The national museum dedicated to the history of Italian Jews inaugurates its first exhibition.
On November 14, 1943, eleven citizens of Ferrara were incarcerated in the prison of Via Piangipane. The next morning at dawn, they were brutally killed under the eyes of the population. This was a symbolic and random punishment for the murder of the Fascist local city chief, Igino Ghibellini. It became known to readers around the world through Giorgio Bassani’s short story “Una notte del ’43” and Claudio Pavone’s seminal volume “Civil War.”
On the night that this happened in Ferrara, over two thousand Italian Jews were already locked in trains headed to death camps.
The prison of Via Piangipane, where many antifascists had been interned, became the transit jail for the Jews of Ferrara and for Jews arrested in the area while trying to flee the tight network of Italian police forces, fascist militia, and German S.S. From Via Piangipane, most Jews were transferred to the nearby national concentration camp of Fossoli and from there to Auschwitz.
That very same prison reopened in December as home to the National Museum of Italian Judaism and the Shoah (Museo Nazionale dell’Ebraismo Italiano e della Shoah).
Crowning many years of political and cultural negotiation, MEIS, which is mainly funded by the Italian Ministry of Culture, will be completed in 2020. In the words of its president, Dario Disegni, the museum is designed to become a “Jewish cultural hub, bearing witness of two thousand years of Jewish experience in Italy; to be an open and inclusive space, a laboratory for ideas and reflections on what it means to be a minority.”
A mission that at any other time may have seemed ambitious but straightforward, today, as the idea of Europe grows unstable along with that of national state as we know it, entails significant challenges.
Like many Midrashic and Talmudic stories, the MEIS stems from counterintuitive premises above and beyond the choice for its location. Conceived at a time when the notion of “museum” began to come under critical scrutiny, and dedicated to a topic, Italian Judaism, on whose definition no one fully agrees, MEIS was charged at its inception with the wondrous task of representing twenty centuries of history of a country that has been in existence for less than two.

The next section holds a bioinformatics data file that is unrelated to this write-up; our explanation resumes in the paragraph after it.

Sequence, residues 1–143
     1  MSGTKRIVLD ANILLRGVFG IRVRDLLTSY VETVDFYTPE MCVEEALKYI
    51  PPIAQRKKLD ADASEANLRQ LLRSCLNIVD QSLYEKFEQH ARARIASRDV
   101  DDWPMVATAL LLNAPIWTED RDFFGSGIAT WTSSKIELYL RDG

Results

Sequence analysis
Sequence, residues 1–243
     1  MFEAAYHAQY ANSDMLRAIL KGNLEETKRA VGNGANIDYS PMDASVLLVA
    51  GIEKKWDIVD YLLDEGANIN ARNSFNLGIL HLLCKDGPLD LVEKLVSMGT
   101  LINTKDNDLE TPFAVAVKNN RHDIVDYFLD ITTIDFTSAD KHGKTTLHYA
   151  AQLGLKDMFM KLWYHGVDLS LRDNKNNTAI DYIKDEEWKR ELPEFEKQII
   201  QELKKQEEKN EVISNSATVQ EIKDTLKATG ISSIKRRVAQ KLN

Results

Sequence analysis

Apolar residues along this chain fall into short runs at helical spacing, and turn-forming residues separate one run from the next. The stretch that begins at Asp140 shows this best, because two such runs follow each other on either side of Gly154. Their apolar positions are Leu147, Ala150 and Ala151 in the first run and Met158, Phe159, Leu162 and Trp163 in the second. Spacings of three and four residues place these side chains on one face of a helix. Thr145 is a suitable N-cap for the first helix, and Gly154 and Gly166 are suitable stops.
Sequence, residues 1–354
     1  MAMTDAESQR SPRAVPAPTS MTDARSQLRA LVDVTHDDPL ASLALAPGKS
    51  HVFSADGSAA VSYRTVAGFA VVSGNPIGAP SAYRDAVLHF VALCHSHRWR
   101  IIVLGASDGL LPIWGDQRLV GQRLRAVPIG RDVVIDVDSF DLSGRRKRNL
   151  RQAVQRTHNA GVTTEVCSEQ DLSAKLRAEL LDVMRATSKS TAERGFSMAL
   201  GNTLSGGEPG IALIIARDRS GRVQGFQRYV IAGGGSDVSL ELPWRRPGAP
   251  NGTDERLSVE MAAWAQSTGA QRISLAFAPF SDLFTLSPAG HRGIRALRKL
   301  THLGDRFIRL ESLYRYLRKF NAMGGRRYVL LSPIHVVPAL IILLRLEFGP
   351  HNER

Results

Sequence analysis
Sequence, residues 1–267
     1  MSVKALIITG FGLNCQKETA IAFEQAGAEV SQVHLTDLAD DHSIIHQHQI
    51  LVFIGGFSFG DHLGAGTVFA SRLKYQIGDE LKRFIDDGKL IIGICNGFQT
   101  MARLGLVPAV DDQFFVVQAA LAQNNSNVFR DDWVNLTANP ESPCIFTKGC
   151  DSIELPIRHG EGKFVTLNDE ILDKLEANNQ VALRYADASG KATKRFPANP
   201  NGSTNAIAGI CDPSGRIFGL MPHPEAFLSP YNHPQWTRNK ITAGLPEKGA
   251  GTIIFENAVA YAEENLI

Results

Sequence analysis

As if this was not difficult enough, it was endowed with a fascinating geographic conundrum: to bestow a “national” quality on a Jewish community that for centuries has defined itself within municipal borders, and on a city, Ferrara, that still proudly claims its past as capital state under the Estense rule. While these twists can lead to a productive and needed debate, it remains to be seen how the new entity with its centralizing mission will be able to interpret and value the many Jewish museums, libraries, archives and local histories, that distinguish each Italian city from the next one.
Faced with these complicated tasks, the MEIS’ scientific committee, which also served as curatorial team and is comprised of Anna Foa, Giancarlo Lacerenza and Daniele Jallà, set out to sketch a map that tries to offer orientation in a labyrinth of past history and present politics.
It is not the first time that a museum attempts to retrace the history of Italian Jews.
A memorable antecedent is the New York Jewish Museum’s exhibit Gardens and Ghettos, that offered one of the first opportunities to structure for public fruition research and works of art in the field of Italian Jewish studies. It was 1989 and back then too the effort was collective: JTS art historian Vivian Mann, Tullia Zevi, head of the Union of the Italian Jewish Communities, the Italian Ministries of Culture and Foreign Affairs and the then Mayor of Ferrara, Roberto Soffritti.
In the conclusion of his catalog essay, David Ruderman pondered the unassuming and horizontal nature of Italian Judaism, that, with its tapestry of artistic and intellectual outputs, never established a central authority over cultural, religious or governance matters.
Though mainly centered in the Renaissance, Gardens and Ghettos also addressed the questions of the origins, the transition from Jerusalem to Rome, the relation with Babylon, and the kingdoms and empires within which Judaism progressively changed and defined itself as a modern minority. Its thrust was the relation of the peninsula’s Jews with philosophical, literary and scientific movements as well as with Jews elsewhere.